The contribution of marital quality to the well-being of parents of children with developmental disabilities

Boston College, Chestnut Hill, MA, USA.
Journal of Intellectual Disability Research (Impact Factor: 2.41). 01/2007; 50(Pt 12):883-93. DOI: 10.1111/j.1365-2788.2006.00906.x
Source: PubMed


This study examines the contribution of the marital relationship to the well-being of both mothers and fathers of children with developmental disabilities. Parent well-being is conceptualized in terms of mental health, parenting stress and parenting efficacy.
These analyses are based on data from 67 families participating in the Early Intervention Collaborative Study, an ongoing longitudinal investigation of the development of children with disabilities and the adaptation of their families. Multidimensional assessment techniques were used to collect data from married mothers and fathers and their child with a disability. Mother and father data were analysed separately using parallel hierarchical regression models.
For both mothers and fathers, greater marital quality predicted lower parenting stress and fewer depressive symptoms above and beyond socio-economic status, child characteristics and social support. In relation to parenting efficacy, marital quality added significant unique variance for mothers but not for fathers. For fathers, greater social support predicted increased parenting efficacy. Child behaviour was also a powerful predictor of parental well-being for both mothers and fathers.
The findings support the importance of the marital relationship to parental well-being and illustrate the value of including fathers in studies of children with developmental disabilities.

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Available from: Penny Hauser-Cram, Jan 13, 2014
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    • "There are established research literatures using both quantitative and qualitative methods to understand the relationships between parents and their child with DD (Kearney & Griffin 2001; Hastings 2002), between children with DD or ASD and their siblings (Rossiter & Sharpe 2001; Benson & Karlof 2008; Petalas et al. 2009), and between mothers and fathers in terms of concepts such as marital satisfaction (Kersh et al. 2006; Wieland & Baker 2010). The emotional dimensions of intra-family relationships have been found to be crucial for typical child development (Erel & Burman 1995; Weich et al. 2009). "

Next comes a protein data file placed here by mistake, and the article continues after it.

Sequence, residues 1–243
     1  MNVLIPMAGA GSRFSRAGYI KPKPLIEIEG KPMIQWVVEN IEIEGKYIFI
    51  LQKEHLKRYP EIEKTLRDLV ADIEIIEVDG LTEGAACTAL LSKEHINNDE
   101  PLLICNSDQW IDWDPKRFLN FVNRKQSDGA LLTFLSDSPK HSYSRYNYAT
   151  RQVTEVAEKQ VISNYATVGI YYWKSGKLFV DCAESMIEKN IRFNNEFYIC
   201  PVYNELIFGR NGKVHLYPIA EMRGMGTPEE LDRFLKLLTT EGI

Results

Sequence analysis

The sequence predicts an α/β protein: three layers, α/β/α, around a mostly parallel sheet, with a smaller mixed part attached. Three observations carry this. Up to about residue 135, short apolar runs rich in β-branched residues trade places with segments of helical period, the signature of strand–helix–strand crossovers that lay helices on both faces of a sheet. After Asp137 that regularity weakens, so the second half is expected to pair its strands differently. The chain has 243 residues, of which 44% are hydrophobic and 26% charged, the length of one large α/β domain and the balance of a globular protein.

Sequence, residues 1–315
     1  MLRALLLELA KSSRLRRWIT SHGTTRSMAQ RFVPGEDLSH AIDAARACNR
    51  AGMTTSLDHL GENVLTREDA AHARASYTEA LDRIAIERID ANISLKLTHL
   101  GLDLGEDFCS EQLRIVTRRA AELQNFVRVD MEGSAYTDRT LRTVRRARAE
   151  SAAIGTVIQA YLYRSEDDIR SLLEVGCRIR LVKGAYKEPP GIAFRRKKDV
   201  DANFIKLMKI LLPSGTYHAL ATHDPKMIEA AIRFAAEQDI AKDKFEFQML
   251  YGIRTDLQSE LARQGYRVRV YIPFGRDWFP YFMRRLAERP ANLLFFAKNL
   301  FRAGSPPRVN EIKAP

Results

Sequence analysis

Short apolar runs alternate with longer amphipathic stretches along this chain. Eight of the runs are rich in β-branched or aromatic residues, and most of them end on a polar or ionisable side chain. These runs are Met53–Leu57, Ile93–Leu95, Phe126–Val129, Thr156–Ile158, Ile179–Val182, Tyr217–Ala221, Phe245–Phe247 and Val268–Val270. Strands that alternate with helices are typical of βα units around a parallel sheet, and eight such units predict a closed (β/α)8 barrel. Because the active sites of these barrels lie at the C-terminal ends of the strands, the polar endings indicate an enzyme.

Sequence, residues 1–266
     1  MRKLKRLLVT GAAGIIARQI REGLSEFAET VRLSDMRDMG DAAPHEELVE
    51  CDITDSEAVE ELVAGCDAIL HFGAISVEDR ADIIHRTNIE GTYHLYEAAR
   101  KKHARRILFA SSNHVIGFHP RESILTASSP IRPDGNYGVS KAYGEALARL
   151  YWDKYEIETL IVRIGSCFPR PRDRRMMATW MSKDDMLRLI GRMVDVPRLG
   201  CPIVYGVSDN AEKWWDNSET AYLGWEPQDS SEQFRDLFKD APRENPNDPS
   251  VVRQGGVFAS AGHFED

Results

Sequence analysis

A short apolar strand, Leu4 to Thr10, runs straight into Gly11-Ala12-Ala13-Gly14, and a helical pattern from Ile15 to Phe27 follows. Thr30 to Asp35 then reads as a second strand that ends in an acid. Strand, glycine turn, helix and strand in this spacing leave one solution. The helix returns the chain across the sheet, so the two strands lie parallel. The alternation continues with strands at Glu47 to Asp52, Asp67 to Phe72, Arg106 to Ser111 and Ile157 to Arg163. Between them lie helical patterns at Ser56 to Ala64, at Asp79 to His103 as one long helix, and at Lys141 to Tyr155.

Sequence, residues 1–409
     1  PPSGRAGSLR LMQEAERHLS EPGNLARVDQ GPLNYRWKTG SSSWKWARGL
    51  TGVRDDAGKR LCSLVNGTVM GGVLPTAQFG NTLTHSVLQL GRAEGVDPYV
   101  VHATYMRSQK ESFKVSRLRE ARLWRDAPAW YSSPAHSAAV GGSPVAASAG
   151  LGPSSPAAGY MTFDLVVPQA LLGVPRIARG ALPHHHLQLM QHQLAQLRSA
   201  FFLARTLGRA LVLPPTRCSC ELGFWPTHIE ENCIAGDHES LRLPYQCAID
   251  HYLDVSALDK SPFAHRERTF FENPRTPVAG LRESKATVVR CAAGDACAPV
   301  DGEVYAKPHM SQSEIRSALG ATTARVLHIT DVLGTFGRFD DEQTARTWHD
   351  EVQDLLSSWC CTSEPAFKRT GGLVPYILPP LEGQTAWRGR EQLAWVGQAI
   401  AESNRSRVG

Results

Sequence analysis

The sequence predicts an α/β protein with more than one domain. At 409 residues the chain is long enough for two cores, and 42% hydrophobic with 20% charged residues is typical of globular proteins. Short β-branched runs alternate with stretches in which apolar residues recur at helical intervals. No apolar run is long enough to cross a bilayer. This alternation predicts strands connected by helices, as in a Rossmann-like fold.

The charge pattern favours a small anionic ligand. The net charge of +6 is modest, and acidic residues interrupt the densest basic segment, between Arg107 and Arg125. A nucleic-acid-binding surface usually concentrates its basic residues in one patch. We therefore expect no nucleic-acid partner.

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    ABSTRACT: Background Expressed emotion (EE) is a construct used to measure the emotional climate within families. EE is of interest to researchers in the field of autism spectrum disorder (ASD) because of its putative implications for child development. The aim was to explore whether maternal EE differs towards a child with ASD and a non-disabled sibling.Methods We adopted a within-family design with 143 mothers of children with ASD and a non-disabled sibling. EE was measured using the Five-Minute Speech Sample.ResultsWilcoxon signed-rank tests were utilised. Mothers were coded as significantly more critical and less warm towards their child with ASD than towards the sibling. There were no significant differences in maternal emotional overinvolvement or overall EE towards the child with ASD and a sibling.Conclusions The data support the results of previous research suggesting that EE is linked to the relationship a mother has with individual children, rather than being evidence of the character disposition of mothers. More research is needed to understand the emotional dimensions of parent–child relationships in families with children with ASD.
    Journal of Intellectual Disability Research 06/2015; 59(6). DOI:10.1111/jir.12178 · 2.41 Impact Factor